– Bakuriu
    Oct 31, 2014 at 15:01
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    Unless the avatar is somehow critical to using the site, you're going to find a disproportionate number of users have whichever avatar is closest to their mouse cursor after arriving at this screen. Oct 31, 2014 at 21:25

7 Answers 7


Users pick avatars that are not always representative of their "real life" appearance. Often picking an avatar which doesn't match their true age/gender/ethnicity etc. This concept of an avatar allowing you to present yourself differently than in real life I imagine is strongly embedded with users. So if you want to capture real data you would be best of just asking for it and letting the users know why.

  • 11
    Still, that selected avatar may tell you more useful things about a person than their hard biometric facts. If I was a sarcastic fatso in my forties on the outside, but really felt like a sweet little girl inside, which information helps you more in designing an enjoyable user experience for me?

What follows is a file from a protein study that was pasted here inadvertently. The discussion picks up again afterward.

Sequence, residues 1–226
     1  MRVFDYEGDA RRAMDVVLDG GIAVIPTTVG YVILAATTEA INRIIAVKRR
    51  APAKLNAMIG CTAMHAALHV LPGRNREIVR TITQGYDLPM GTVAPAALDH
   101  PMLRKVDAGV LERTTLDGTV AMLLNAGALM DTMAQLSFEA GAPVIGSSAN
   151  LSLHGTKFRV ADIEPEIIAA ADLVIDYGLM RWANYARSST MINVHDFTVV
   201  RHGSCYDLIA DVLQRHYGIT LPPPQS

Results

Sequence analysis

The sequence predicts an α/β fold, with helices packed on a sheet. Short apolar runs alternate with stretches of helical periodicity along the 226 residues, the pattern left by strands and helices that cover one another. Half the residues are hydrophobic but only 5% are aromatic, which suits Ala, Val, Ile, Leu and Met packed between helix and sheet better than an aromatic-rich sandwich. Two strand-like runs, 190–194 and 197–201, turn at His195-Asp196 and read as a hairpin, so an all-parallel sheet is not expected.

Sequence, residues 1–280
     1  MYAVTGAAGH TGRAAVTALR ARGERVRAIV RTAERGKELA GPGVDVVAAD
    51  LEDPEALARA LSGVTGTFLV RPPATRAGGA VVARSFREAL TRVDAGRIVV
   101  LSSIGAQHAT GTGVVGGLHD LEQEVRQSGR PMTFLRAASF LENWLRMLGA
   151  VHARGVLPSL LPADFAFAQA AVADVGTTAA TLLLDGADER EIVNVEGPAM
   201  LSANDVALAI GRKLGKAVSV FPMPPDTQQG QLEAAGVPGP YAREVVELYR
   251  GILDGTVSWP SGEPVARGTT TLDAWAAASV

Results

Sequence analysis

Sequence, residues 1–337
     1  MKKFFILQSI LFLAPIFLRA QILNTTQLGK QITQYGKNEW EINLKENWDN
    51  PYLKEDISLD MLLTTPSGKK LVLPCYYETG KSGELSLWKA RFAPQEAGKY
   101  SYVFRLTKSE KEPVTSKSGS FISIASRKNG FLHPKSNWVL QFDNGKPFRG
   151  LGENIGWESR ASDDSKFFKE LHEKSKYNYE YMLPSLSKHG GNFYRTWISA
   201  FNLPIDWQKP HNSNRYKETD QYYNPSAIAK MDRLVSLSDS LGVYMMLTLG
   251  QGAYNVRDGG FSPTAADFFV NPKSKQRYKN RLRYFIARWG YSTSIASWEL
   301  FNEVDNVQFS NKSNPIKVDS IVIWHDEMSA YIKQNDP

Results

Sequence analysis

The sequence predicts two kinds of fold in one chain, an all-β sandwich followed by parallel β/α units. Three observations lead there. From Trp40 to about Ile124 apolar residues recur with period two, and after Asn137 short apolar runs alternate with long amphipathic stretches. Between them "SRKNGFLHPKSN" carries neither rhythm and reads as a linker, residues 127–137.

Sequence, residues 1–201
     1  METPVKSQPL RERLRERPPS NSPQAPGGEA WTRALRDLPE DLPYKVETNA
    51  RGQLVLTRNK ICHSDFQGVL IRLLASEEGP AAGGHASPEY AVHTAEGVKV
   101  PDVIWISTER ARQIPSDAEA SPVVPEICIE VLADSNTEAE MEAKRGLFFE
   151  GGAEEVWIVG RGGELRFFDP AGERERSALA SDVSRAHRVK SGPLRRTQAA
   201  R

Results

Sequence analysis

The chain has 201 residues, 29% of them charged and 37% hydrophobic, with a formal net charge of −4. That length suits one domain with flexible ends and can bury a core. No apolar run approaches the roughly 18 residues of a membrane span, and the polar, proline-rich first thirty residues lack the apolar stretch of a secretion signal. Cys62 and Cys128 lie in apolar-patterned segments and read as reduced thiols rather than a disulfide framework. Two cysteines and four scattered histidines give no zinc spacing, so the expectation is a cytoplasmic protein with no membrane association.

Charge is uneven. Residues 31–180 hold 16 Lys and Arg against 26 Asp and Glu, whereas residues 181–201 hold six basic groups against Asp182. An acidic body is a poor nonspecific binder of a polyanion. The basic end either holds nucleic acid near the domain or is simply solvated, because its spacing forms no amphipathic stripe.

– Crissov
    Oct 31, 2014 at 11:32

If you need a piece of information from the user, ask for it. Trying to trick it out of them is likely to get you bad data (in particular, female users will often pick male avatars to hide their gender, and a significant subset of male users will pick female avatars), and may backfire if users realize you're trying to trick them.


None of your avatars resemble my appearance at all, so I would have to select based on other criteria. I might pick the lower right one, because I think he looks cute. I'm a 60+ woman.

Even among those who pick an avatar based on some similarity to their own appearance the similarity might be in skin color (already mentioned in another answer), hair color, grooming, facial expression, or clothing style rather than age and gender.

If you think you need to know age range or gender, ask as an optional question. Asking for age range is a less obtrusive question than asking for date of birth.